Ancient Monuments

History on the Ground

This site is entirely user-supported. See how you can help.

A chambered tomb and two bowl barrows on Minning Low

A Scheduled Monument in Brassington, Derbyshire

We don't have any photos of this monument yet. Why don't you be the first to send us one?

Upload Photo »

Approximate Location Map
Large Map »

If Google Street View is available, the image is from the best available vantage point looking, if possible, towards the location of the monument. Where it is not available, the satellite view is shown instead.

Coordinates

Latitude: 53.1124 / 53°6'44"N

Longitude: -1.6887 / 1°41'19"W

OS Eastings: 420935.391589

OS Northings: 357290.486287

OS Grid: SK209572

Mapcode National: GBR 47L.ZVC

Mapcode Global: WHCDT.1149

Entry Name: A chambered tomb and two bowl barrows on Minning Low

Scheduled Date: 18 August 1882

Last Amended: 22 January 1993

Source: Historic England

Source ID: 1009102

English Heritage Legacy ID: 13369

County: Derbyshire

Civil Parish: Brassington

Traditional County: Derbyshire

Lieutenancy Area (Ceremonial County): Derbyshire

Church of England Parish: Bradbourne All Saints

Church of England Diocese: Derby

Details

Minning Low hill lies within the south-eastern uplands of the limestone
plateau of Derbyshire. The monument includes the chambered tomb and two bowl
barrows within a single constraint area which also incorporates the
archaeologically sensitive areas between and around the earthworks up to, but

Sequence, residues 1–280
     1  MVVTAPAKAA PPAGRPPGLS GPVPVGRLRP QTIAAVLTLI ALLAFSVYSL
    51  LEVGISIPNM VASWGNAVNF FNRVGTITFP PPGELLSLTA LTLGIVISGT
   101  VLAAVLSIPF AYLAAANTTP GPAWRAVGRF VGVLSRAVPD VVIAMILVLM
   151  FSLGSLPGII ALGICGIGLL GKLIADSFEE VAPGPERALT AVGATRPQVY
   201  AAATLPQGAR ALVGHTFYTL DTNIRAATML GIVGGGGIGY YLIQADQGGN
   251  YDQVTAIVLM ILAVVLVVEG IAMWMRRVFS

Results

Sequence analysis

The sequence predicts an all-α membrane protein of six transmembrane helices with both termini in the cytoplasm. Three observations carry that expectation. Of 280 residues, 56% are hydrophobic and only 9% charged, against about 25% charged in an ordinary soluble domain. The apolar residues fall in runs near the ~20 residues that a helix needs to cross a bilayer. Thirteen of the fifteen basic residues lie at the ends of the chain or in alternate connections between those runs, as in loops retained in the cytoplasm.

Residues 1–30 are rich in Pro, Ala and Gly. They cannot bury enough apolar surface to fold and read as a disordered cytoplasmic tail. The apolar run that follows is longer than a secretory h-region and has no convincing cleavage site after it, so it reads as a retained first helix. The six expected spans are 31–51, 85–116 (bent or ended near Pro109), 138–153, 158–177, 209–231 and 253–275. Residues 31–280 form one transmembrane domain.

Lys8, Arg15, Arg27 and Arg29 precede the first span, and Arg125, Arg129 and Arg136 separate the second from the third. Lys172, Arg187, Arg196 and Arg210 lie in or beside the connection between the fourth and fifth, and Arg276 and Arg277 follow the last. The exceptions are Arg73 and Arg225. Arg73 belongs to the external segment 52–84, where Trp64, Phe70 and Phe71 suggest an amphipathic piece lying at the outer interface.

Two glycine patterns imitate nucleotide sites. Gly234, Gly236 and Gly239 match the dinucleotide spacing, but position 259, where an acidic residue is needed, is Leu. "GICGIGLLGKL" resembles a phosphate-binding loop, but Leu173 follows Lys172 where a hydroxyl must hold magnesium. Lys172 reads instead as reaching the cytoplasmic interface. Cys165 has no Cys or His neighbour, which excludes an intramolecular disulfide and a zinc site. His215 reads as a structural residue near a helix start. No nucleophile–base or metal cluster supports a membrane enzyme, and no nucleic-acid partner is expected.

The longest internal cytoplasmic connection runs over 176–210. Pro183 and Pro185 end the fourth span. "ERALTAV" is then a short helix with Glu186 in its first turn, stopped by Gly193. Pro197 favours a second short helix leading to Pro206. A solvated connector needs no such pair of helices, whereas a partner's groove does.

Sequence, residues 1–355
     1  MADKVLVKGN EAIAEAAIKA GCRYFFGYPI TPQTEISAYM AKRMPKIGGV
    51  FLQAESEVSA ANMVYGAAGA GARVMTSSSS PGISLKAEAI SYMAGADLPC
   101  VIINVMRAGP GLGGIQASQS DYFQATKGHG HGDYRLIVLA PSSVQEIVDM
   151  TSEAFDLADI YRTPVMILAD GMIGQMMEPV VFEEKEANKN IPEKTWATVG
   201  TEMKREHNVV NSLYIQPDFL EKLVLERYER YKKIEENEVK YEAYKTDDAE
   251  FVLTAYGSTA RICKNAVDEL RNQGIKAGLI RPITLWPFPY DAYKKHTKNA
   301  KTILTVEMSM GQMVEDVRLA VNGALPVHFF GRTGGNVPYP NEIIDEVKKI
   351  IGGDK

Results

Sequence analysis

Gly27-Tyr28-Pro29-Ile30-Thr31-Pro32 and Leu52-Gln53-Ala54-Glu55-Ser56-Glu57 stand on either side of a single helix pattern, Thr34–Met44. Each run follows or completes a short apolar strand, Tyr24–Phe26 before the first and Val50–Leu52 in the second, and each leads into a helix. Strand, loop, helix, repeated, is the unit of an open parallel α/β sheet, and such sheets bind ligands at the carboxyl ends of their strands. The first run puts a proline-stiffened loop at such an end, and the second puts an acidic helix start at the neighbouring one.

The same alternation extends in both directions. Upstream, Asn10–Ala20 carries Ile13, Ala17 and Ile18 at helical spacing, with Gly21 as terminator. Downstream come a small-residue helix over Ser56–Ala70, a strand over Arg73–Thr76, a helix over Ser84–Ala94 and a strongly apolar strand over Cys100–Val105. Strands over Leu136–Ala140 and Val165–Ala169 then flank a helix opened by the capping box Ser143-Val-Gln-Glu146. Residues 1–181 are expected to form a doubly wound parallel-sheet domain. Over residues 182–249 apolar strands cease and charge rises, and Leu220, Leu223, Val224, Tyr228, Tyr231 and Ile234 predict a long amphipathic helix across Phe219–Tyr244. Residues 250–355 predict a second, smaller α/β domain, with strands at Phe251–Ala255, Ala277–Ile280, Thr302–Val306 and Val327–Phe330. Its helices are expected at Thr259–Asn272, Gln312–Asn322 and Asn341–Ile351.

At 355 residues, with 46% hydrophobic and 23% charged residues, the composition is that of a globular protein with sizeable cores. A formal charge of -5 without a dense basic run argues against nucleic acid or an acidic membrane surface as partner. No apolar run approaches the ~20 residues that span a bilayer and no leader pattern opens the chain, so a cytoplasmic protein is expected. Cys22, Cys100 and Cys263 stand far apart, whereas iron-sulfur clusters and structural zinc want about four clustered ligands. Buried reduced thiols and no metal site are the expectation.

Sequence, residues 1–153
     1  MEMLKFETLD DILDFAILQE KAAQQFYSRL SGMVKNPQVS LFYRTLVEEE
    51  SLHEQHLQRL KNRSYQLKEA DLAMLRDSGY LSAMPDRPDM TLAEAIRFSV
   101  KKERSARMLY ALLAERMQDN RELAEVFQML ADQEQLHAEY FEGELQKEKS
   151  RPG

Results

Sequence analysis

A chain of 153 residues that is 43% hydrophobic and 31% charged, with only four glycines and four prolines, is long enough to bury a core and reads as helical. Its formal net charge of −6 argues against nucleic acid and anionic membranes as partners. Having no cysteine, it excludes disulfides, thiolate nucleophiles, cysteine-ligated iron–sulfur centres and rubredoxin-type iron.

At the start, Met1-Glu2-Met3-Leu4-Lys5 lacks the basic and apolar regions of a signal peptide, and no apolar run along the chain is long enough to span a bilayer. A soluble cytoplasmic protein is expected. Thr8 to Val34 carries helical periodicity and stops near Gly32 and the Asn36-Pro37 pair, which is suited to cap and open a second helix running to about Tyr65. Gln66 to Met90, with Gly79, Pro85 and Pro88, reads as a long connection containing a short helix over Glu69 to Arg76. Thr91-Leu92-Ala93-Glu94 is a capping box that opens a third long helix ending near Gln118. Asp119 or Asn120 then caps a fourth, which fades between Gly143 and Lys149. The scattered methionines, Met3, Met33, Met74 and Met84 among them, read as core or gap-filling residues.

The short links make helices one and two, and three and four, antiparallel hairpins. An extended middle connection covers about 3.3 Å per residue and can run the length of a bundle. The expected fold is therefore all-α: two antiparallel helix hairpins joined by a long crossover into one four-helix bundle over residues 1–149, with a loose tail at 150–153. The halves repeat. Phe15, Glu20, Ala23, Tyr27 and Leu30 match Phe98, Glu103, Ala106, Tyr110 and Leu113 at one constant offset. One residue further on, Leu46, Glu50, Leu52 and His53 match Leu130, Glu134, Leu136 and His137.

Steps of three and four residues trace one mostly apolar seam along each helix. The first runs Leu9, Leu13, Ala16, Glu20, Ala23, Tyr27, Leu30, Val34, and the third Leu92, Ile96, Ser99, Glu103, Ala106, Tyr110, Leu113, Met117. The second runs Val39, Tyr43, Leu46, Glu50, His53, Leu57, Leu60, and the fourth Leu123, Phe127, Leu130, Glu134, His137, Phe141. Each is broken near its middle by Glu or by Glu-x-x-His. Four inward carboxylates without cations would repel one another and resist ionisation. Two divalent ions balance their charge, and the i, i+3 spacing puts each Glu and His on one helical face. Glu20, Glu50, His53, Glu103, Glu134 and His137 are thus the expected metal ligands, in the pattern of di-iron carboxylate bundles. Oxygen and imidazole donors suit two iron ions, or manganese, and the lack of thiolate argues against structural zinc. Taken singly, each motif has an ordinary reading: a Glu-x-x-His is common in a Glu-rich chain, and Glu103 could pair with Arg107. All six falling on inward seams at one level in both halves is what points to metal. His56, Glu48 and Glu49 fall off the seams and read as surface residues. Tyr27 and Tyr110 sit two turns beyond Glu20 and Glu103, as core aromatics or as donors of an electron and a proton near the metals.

not including, the encircling drystone wall.

The chambered tomb is the easternmost of these earthworks and comprises an
oval cairn measuring 45m by 38m and surviving to a height of 2.4m. A
wedge-shaped chamber of limestone slabs (Chamber I) survives with its capstone
in situ at the centre of the mound, while a second complete chamber (Chamber
II) lies c.5m to the south and also retains its capstone in addition to part
of its south-facing passage which is similarly covered by a capstone. The
remains of Chamber III lie c.5m to the west, while those of Chamber IV lie
near the edge of the barrow c.6m south of Chamber III. The collapsed slabs of
Chamber V lie on the western edge and a single upright slab near the centre of
the barrow has been interpreted as the remains of a small cist. During the
partial excavations of the site by Thomas Bateman in 1843 and 1851, the mound
was found to be constructed of coursed stone and the chambers to contain human
bones, including one extended skeleton, fragments of Romano-British Derbyshire
ware pottery and a number of Roman coins. The latter show that the barrow had
been disturbed in the third or fourth century AD, but Beaker sherds found by
Bateman in Chamber IV indicate a Late Neolithic or Bronze Age date for that
particular chamber. This represents the latest phase of Prehistoric use since
further excavation, carried out by Barry Marsden in 1973-4, has led to the
barrow being interpreted as a multi-period site, beginning with the
construction of Chamber I and its drystone walled approach passage in the
Early Neolithic period. There is no precise chronology for the remaining
phases but an extended period of use throughout the Neolithic and into the
Early Bronze Age is indicated. Marsden also found evidence of Roman re-use of
the site in three Roman bronzes and pottery sherds recovered from Chamber III.
He also found a drystone wall running through the north-west side of the
barrow. This was traced for c.10m and was orientated east-west.

The two bowl barrows lie c.25m north-west of the chambered tomb. The second of
these is superimposed onto the first so that, together, they form an oval